In 2012, children within Rwanda were recruited, some of them forcibly, by the M23 armed group, which is supported by the Government of Rwanda, for armed conflict in the Democratic Republic of the Congo. These children were recruited from refugee camps and from the Nkamira transit center.(10, 18, 29-33) In addition, the UN Group of Experts reported that the director of the Rwanda Demobilization and Reintegration Commission (RDRC) forcibly recruited a small number of children from the child soldier rehabilitation center in Mutobo.(32, 33) Children associated with armed groups in the Democratic Republic of the Congo may be forced to serve as combatants, porters, spies, domestic servants, and sex slaves.(10, 18)
There are reports of children working on the streets, but specific information on hazards is unknown.(34, 35)
Laws and Regulations on the Worst Forms of Child Labor
Rwanda’s Labor Law sets the minimum age for work at 16 and the minimum age for hazardous work at 18. The Law prohibits children under the age of 18 from night work and work that is difficult, unsanitary, or dangerous. It also prohibits children from working in the worst forms of child labor, including slavery or similar practices, forced or bonded labor, armed conflict, illicit activities or commercial sexual exploitation, and any work whose nature is detrimental to the health, security, or morals of a child.(36)
Ministerial Order 2010-06 sets forth a list of the worst forms of child labor: It prohibits children from working at industrial institutions and in domestic service, mining, quarrying, construction, brickmaking, carrying heavy loads, and applying fertilizers and pesticides.(37) Penalties for violations of the Labor Law provisions on the worst forms of child labor and hazardous work are stringent, with penalties of up to 20 years of incarceration and fines.(36) However, the Labor Law covers only contractual employment, leaving most of Rwanda’s working children unprotected.(36, 38)
In 2012, Mimuri sector authorities in Nyagatare District created guidelines to combat child labor in the sugar and rice sectors, and these guidelines include punitive measures for those found employing children.(39) The districts of Bugesera, Nyamagabe, Gatsibo, Gicumbi, and Nyaruguru have also enacted laws against hazardous child labor that sanction employers and parents for violations.(40)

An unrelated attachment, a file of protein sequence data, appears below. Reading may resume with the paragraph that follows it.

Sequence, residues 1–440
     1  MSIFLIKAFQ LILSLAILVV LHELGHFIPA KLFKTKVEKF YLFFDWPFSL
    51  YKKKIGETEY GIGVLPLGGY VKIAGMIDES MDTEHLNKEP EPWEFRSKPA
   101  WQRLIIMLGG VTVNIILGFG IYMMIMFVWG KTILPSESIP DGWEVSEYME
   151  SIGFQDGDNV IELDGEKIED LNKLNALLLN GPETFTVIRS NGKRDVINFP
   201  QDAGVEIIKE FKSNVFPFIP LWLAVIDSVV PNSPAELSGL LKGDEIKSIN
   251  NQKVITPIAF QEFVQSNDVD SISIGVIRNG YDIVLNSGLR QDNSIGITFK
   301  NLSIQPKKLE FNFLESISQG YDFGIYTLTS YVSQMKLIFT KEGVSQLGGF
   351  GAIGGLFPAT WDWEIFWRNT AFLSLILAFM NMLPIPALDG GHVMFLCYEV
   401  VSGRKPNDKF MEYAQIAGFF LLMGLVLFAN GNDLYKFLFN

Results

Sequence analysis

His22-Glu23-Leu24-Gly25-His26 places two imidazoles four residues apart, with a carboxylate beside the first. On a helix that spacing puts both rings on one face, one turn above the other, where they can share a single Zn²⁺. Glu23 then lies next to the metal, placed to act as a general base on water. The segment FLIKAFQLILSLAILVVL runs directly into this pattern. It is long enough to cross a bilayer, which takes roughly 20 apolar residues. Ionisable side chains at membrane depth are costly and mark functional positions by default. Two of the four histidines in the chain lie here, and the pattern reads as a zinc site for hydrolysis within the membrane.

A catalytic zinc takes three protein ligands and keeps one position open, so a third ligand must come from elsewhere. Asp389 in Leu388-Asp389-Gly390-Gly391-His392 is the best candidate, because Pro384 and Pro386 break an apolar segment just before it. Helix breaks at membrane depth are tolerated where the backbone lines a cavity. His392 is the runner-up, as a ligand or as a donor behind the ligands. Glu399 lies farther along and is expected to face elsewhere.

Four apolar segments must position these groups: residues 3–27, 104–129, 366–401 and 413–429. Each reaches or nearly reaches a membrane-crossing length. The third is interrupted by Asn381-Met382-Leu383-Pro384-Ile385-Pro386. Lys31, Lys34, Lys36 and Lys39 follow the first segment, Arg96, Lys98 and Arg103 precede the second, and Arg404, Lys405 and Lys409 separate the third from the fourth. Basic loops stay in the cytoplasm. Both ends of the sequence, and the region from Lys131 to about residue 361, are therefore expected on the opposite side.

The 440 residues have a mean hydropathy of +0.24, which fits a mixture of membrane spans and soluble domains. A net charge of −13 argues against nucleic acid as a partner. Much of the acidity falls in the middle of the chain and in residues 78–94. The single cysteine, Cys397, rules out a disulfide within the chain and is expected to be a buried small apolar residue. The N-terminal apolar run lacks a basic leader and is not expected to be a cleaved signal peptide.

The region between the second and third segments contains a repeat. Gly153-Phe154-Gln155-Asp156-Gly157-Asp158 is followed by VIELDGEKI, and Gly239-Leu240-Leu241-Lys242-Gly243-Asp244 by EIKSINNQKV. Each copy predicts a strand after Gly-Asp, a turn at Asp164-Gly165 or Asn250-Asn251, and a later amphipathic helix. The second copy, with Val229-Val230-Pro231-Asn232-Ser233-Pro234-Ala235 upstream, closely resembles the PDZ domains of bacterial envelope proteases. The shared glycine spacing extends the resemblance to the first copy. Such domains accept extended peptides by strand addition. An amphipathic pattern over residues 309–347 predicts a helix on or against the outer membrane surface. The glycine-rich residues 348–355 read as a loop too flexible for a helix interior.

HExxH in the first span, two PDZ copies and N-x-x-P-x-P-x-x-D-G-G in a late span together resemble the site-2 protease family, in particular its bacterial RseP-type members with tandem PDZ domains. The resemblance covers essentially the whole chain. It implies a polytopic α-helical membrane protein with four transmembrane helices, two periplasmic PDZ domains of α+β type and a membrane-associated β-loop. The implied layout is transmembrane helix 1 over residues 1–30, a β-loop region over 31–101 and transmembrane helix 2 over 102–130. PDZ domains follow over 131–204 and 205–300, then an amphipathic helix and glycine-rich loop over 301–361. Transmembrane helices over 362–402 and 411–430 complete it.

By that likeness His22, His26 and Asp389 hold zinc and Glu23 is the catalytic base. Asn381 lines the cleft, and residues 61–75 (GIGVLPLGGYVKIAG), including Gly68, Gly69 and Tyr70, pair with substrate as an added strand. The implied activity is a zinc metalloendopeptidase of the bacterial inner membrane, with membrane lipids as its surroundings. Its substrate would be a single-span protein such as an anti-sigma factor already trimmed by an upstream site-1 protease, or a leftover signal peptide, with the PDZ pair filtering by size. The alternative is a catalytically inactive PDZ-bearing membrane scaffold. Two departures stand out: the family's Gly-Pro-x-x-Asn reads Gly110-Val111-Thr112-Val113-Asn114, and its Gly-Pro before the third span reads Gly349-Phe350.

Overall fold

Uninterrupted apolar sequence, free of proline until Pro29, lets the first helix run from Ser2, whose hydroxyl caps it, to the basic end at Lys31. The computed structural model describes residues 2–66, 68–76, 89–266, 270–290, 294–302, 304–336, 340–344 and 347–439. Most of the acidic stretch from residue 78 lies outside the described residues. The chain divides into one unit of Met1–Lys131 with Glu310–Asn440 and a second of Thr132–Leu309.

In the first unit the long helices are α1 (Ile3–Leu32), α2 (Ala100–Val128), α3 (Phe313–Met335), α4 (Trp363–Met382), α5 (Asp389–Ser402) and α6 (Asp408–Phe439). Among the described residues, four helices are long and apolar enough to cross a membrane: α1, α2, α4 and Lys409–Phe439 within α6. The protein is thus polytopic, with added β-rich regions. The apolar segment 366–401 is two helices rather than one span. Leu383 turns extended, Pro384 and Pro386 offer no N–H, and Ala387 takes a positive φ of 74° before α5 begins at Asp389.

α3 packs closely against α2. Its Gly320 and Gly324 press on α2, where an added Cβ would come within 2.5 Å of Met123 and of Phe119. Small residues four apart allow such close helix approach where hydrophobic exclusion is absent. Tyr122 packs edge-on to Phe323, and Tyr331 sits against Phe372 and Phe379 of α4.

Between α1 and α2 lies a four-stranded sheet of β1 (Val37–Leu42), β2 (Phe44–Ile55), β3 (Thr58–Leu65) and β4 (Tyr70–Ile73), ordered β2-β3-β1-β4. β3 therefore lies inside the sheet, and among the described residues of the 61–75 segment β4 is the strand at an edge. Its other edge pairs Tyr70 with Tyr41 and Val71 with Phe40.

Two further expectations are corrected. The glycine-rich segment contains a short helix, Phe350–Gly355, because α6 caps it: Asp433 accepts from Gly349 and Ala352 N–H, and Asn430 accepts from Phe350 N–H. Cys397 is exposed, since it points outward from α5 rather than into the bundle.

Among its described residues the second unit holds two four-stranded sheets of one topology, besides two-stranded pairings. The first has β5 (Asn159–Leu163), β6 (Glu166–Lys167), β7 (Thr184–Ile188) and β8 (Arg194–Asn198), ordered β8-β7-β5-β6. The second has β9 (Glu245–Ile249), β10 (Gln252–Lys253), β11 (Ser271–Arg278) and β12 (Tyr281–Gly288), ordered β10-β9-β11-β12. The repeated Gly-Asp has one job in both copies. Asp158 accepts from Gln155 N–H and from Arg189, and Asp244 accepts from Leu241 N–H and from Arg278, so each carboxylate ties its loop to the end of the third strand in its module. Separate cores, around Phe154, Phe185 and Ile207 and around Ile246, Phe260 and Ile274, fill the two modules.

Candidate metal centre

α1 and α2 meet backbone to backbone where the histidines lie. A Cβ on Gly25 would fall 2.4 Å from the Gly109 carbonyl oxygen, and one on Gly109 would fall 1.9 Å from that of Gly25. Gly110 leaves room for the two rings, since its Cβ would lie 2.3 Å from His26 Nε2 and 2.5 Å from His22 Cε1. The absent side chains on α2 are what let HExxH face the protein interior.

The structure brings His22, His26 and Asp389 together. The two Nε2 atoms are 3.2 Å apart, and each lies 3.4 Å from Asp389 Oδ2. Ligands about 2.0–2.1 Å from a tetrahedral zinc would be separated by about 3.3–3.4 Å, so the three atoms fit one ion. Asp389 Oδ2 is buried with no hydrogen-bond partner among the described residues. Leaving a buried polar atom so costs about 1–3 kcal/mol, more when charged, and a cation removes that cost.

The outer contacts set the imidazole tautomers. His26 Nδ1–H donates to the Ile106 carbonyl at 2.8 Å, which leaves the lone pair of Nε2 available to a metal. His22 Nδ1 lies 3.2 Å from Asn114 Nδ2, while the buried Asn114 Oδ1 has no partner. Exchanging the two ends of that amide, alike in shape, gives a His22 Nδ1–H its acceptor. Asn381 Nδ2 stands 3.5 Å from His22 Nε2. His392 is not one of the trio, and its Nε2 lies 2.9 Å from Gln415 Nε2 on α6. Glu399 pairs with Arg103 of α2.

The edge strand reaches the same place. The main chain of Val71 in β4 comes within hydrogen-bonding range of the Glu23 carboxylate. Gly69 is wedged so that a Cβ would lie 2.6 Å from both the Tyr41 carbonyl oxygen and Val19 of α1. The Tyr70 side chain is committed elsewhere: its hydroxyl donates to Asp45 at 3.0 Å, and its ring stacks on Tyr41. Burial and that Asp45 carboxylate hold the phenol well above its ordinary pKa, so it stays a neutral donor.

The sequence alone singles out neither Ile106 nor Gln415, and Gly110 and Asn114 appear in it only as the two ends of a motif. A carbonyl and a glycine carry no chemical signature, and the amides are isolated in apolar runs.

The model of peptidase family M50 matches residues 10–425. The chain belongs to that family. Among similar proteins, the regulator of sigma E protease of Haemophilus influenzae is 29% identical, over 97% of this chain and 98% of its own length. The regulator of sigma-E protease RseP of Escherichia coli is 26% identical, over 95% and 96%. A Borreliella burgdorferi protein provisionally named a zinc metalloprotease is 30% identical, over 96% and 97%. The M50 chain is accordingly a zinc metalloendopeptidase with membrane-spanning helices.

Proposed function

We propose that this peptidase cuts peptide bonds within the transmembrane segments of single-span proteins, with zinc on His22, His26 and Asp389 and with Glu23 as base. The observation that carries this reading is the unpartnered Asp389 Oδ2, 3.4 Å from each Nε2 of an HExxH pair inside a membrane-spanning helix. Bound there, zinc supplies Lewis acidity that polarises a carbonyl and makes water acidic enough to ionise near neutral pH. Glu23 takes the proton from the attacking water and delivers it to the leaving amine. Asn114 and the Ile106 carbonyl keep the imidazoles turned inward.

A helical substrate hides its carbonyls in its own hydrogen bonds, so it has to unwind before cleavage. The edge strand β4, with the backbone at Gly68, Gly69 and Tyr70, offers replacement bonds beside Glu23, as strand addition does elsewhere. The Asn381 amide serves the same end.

The Labor Law also prohibits child trafficking, and the Law on Prevention and Punishment of Gender-Based Violence prohibits and provides penalties for “gender-based human trafficking.”(36, 41) The Law Relating to the Rights and Protection of the Child, which came into effect in June 2012, includes provisions on the worst forms of child labor, protects children from violence and economic exploitation, and provides children with the right to rest and leisure.(10, 42) This Law also commits the Government to establishing a center for children living and working on the streets and ensuring the psychological recovery and social reintegration of children affected by armed conflict.(10, 42) In addition, the Labor Law and Presidential Orders 155/01 and 72/01 prohibit children under age 18 from being recruited for military service.(43, 44)
In 2012, Rwanda adopted the Organic Law Instituting the Penal Code.(45) This Law prohibits slavery; child trafficking; child rape; violence against children; recruitment, use, or profit from the commercial sexual exploitation of children; and use of children for armed conflict, in pornographic publications, or for illicit activities. The Law also provides penalties, including jail time and a fine, for persons who recruit children for armed conflict or do not report offenses committed against children to the authorities.(45) Despite this protection, in 2012, children were recruited within Rwanda by M23 for armed conflict in the Democratic Republic of the Congo.(10, 29-31, 46)